19 December 2020
The Internet of Things (IoT) has the potential to make people's lives easier and more efficient, but the trade-off could be the potential issues that could arise over the security of collected personal data.
If you're developing IoT devices, you must address these privacy issues when designing your device. Do so despite the current lack of an up-to-date guiding law in the area.
✓ They're legally required: Privacy Policies are legally required by global privacy laws if you collect or use personal information.
Excerpt from TermsFeed Testimonials:
Recently a report was released by the FTC (Federal Trade Commission) which provides guidance for companies and manufacturers on how they can build privacy and security measures into their devices.
Without proper privacy practices, the FTC Chairwoman Edith Ramirez believes that consumer confidence could be damaged:
The only way for the Internet of Things to reach its full potential for innovation is with the trust of American Consumers. We believe that by adopting the best practices we've laid out, businesses will be better able to provide consumers the protections they want and allow the benefits of the Internet of Things to be fully realized.
Please be aware that if your spoken words include personal or other sensitive information, that information will be among the information captured and transmitted to a third party.
The spoken words needed to use the TV are those for using the TVÃ•s functions, such as changing the channel, it is easy to see that users may be concerned that any other information spoken around the TV may also be stored.
Recommendation 1: Data minimization
FTC's suggestion is that you limit the user data that you collect and how long you keep it for. This is known as data minimization.
This practice essentially reduces two risks in one:
The FTC is flexible as to how you can approach data minimization.
You can choose collect no data, collect data limited to the categories required to provide the service offered by the device, collect less sensitive data, or de-identify the data you collect.
Recommendation 2: Notice and choice
Another guideline by the FTC is that you notify your users and give them choices about how their information will be used, especially when the data collection may go beyond the users' reasonable expectations.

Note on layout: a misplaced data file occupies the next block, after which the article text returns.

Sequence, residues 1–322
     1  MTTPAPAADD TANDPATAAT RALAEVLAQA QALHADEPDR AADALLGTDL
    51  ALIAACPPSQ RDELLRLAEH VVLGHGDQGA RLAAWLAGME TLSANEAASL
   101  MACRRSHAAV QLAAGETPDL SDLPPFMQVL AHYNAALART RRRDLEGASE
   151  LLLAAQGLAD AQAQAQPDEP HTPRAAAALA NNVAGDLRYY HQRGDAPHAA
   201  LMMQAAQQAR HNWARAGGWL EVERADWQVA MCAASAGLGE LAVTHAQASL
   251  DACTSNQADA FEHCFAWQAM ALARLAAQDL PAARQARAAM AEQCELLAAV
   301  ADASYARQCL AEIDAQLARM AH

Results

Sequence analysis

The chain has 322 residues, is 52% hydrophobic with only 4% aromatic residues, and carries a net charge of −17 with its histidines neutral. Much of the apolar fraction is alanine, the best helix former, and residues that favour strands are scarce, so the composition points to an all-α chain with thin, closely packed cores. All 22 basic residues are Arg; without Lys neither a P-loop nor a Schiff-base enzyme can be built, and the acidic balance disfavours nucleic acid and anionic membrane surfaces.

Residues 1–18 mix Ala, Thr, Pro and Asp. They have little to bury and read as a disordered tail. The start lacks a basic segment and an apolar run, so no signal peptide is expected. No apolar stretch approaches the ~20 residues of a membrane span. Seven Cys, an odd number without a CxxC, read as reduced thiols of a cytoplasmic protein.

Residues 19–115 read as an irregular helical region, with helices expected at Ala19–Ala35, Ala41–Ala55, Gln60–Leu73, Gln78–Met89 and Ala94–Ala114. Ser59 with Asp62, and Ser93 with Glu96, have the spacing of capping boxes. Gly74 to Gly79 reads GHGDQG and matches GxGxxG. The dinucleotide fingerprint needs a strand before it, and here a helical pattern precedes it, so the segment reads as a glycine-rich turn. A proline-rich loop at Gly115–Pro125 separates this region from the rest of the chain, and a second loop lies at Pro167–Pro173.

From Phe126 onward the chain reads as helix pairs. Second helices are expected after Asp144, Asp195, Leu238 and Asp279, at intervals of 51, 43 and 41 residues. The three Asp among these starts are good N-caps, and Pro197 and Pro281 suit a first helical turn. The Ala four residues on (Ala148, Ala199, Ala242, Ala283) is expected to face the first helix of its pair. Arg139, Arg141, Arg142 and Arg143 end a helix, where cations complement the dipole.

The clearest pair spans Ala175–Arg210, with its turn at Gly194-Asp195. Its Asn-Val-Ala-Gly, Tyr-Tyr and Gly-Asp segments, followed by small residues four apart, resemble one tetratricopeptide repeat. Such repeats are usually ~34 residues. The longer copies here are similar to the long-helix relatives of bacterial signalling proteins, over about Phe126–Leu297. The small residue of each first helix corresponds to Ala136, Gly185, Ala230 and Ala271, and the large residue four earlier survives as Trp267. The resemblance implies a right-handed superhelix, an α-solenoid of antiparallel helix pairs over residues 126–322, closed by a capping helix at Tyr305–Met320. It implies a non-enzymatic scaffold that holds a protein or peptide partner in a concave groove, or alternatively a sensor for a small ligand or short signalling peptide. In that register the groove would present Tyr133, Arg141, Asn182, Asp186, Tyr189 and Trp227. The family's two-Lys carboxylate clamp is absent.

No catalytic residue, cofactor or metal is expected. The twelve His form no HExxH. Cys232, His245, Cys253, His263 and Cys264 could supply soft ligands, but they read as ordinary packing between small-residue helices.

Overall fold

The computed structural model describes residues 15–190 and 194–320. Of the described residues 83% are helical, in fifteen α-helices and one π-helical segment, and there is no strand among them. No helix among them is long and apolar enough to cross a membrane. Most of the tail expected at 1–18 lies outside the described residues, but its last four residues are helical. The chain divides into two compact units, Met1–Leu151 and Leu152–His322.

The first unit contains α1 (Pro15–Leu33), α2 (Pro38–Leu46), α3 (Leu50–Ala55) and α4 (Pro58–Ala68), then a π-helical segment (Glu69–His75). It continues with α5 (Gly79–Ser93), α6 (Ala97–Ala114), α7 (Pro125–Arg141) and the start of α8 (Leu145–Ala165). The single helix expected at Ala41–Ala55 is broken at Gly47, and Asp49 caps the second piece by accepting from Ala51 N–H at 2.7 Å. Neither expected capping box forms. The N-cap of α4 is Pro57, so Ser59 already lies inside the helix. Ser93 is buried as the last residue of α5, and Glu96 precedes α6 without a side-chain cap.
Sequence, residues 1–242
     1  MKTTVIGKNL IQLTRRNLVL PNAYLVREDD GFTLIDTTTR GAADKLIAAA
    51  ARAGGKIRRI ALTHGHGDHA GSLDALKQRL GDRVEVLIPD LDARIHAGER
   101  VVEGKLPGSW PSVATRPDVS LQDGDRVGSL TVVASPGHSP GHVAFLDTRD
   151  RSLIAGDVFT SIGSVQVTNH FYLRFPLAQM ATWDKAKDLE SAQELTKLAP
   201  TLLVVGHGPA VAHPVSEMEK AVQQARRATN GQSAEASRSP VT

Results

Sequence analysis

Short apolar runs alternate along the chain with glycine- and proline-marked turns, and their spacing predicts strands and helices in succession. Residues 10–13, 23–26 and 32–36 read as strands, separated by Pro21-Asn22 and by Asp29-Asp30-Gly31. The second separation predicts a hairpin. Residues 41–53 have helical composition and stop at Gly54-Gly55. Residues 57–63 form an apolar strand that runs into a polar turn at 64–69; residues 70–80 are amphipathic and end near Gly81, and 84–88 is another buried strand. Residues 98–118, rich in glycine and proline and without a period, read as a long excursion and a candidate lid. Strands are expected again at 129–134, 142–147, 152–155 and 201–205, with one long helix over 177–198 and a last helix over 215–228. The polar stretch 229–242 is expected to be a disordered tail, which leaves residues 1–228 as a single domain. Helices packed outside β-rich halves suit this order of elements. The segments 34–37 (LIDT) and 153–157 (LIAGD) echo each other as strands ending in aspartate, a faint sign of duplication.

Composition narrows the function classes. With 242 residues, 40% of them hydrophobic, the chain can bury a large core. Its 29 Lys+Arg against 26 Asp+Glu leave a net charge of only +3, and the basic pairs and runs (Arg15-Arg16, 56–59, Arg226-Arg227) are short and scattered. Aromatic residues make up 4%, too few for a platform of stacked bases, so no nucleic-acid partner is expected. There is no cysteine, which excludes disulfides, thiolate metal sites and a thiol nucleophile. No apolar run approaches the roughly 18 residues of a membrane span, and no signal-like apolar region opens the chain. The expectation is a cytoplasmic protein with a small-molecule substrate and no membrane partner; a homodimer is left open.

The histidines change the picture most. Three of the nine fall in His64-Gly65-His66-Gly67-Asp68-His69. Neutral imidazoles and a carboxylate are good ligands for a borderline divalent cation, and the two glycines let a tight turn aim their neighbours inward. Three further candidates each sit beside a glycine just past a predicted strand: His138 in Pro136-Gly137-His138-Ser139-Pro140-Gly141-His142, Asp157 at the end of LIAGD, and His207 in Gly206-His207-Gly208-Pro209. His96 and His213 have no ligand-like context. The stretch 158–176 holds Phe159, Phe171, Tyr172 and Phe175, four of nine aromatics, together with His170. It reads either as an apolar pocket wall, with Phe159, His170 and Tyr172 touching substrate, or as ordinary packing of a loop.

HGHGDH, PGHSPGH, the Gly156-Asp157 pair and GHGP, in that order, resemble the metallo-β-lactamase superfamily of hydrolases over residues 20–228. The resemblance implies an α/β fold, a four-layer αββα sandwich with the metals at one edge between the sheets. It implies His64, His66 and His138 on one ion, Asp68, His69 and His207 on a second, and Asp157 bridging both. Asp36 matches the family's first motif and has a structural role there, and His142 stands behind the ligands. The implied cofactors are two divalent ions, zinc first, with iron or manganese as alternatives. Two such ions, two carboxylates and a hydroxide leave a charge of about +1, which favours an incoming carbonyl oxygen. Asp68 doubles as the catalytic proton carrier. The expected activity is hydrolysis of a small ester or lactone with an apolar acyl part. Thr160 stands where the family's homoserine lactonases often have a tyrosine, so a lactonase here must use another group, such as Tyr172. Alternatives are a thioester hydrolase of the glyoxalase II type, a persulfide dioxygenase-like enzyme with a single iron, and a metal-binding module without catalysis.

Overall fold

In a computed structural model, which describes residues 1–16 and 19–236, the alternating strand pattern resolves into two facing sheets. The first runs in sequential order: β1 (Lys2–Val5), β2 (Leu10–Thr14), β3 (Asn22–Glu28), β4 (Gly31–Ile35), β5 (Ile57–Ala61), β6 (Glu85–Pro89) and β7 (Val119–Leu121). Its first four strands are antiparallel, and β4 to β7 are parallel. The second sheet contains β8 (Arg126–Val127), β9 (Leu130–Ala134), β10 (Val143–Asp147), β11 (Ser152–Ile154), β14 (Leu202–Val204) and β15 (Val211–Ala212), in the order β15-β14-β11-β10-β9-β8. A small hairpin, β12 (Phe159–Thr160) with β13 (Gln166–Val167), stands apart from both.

With the ever-developing world of IoTs notification will become more and more difficult and the FTC has acknowledged that there can be no one-size-fits-all approach, so there are other ways to make your users feel more at ease with the use of their data:
What's clear from the FTC's report is that you must consider the privacy of the data when manufacturing IOT devices, but you must also balance this with the potential to collect valuable data.
Europe's Article 29 Working Party has published an opinion, called Opinion 8/2014 on the on Recent Developments on the Internet of Things, that focuses on:
Europe's Article 29 Working Party is the same entity that issued a guidance to Google to ensure that Google is in compliance with EU data protection laws.
If you're a designer or developer developing a new IoT device within the categories mentioned above, the opinion by the Article 29 Working Party would be useful to you as guidance when implementing your first privacy practices.
The Working Party found the following issues with the current IoT devices:
Based on their guidance document, here's what the Article 29 Working Party suggests to IoT developers:
Here's are the current steps you can follow to increase your chances of compliance:
Here's how an iOS app would ask users to provide their location:
Here are some of these principles that you can follow:
Ask users to provide you with a contact information - email address, mail address - that you can use to inform users about upcoming changes.
Here's the email Pinterest sent out when their legal agreement was being updated:
If you are also developing a mobile app for the IoT device, follow these tips too:
This article is not a substitute for professional legal advice. This article does not create an attorney-client relationship, nor is it a solicitation to offer legal advice.